Sun blasts ‘largest solar flare in years’ causing radio blackouts and may trigger stunning ‘northern lights’ tomorrow


THE SUN has just ejected the strongest solar flare scientists have seen in years.

On December 14, an active sunspot region dubbed AR 3514 erupted in a class X2.8 solar flare.


The Sun has just ejected the strongest solar flare scientists have seen in yearsCredit: Getty


A solar flare is a term astronomers use to describe eruptions of electromagnetic radiation in the Sun’s atmosphere.

This occurs when accelerated charged particles (mainly electrons) collide with the plasma medium.

Solar flares cannot travel far enough to hurt humans on Earth, but they can cause blackouts and other electricity-related disruptions.

This can include impacting radio communications, electric power grids, and navigation signals.

Solar flare eruptions can also pose a risk to spacecraft and astronauts on the Internation Space Station (ISS).

On a lighter note, they can lead to stunning auroral displays on Earth – known as the Northern Lights.


X-class solar flares are the most intense and typically send a burst of radiation heading toward Earth.

Astronomers classify solar flares by their X-ray energy using four different letters: B, C, M, and X, Nasa said.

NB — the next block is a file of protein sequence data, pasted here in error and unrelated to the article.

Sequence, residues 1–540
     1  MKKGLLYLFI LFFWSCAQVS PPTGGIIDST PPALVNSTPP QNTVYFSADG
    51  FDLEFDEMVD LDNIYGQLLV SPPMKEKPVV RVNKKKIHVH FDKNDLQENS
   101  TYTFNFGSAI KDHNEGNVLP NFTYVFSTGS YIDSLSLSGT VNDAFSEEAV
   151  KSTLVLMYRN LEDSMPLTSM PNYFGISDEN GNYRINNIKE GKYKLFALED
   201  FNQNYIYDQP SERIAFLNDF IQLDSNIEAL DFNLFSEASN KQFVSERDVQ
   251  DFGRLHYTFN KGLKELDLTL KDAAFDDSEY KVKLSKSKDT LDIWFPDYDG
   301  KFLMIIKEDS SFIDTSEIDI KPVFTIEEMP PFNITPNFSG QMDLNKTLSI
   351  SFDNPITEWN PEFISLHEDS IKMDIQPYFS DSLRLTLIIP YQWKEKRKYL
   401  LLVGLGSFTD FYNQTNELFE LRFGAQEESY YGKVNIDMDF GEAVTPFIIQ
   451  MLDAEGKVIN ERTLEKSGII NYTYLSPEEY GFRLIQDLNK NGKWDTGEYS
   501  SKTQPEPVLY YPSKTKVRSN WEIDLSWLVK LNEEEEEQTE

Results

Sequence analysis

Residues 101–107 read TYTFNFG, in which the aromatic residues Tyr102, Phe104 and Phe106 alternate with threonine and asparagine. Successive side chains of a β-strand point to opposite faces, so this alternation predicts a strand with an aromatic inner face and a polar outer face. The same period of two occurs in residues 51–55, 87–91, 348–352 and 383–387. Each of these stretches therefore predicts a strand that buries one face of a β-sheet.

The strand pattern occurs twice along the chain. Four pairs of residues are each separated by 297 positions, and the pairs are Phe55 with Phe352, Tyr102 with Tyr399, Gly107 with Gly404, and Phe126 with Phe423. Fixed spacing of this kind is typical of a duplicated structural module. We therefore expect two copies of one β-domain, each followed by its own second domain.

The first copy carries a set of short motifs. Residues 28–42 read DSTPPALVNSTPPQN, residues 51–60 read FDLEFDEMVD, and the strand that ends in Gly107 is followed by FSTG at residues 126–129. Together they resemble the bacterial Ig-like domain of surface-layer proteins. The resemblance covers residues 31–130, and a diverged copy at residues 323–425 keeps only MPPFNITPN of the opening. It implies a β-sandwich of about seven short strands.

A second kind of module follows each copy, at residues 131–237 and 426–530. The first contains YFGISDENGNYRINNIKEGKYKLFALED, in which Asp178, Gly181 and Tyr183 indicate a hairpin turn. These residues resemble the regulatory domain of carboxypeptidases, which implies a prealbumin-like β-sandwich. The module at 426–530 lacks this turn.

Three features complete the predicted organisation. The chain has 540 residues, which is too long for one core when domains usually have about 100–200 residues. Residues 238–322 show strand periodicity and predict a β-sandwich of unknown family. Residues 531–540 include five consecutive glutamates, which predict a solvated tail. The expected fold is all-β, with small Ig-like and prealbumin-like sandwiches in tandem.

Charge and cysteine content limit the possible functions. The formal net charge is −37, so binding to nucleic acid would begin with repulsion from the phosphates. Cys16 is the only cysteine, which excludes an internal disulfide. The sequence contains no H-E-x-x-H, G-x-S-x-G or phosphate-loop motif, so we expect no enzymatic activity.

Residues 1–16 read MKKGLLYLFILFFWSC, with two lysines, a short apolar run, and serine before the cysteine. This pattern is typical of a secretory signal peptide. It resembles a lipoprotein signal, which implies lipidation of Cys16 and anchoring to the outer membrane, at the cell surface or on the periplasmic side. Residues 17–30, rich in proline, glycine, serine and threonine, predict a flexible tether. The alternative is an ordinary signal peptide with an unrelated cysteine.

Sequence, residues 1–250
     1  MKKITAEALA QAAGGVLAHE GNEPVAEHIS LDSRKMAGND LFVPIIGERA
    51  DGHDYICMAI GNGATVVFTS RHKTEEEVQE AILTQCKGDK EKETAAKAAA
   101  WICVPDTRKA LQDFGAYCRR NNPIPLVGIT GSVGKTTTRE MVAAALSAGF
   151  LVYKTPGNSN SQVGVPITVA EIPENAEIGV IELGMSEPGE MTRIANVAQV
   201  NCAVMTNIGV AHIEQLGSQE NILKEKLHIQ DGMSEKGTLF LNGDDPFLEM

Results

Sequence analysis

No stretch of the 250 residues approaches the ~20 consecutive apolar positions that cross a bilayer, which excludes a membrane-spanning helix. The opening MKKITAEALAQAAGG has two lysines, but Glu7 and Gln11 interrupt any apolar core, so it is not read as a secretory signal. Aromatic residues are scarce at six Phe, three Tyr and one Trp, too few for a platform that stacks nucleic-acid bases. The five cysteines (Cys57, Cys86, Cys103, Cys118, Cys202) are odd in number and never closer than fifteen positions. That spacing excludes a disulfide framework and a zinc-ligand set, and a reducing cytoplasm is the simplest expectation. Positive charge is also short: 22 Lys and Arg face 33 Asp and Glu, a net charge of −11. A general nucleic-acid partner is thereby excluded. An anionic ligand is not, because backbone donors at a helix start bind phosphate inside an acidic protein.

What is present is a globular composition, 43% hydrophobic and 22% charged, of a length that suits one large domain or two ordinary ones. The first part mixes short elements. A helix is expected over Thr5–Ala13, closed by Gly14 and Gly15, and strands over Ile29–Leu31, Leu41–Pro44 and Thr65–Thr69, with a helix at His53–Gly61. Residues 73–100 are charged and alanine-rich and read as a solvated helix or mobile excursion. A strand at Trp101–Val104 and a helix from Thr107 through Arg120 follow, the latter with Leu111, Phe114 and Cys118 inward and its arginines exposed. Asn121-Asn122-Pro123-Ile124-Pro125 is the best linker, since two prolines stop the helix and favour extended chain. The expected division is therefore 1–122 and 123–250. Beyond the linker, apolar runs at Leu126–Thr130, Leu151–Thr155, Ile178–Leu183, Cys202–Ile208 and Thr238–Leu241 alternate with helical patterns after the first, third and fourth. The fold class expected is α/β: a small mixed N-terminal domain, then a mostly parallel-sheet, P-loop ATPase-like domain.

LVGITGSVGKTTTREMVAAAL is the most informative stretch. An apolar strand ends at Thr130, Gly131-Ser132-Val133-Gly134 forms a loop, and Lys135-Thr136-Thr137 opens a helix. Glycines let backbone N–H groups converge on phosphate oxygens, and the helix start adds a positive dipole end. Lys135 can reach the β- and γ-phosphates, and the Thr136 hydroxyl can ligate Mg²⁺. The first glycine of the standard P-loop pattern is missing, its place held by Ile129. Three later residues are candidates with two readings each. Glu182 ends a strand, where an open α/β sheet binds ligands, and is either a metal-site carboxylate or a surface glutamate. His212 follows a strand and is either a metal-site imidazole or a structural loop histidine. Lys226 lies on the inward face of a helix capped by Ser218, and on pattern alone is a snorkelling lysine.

C-class flares produce 10 times more X-ray energy than B-class flares.

M-class flares produce 10 times more energy than C-class flares, and X-class flares produce 10 times more energy than M-class flares.

A single B-class flare can produce more energy than 240,000 million tons of TNT.

Nasa reports that the event is the strongest scientists have observed since 2017.

Science Report said the event has already produced a moderate radio blackout centered in South America.

During the event, the Sun also produced a coronal mass ejection, or CME.

CMEs are intense eruptions of charged particles from the Sun’s upper atmosphere or Corona.

However, because this solar flare was not directly facing Earth that mild blackout may be the extent of what we see .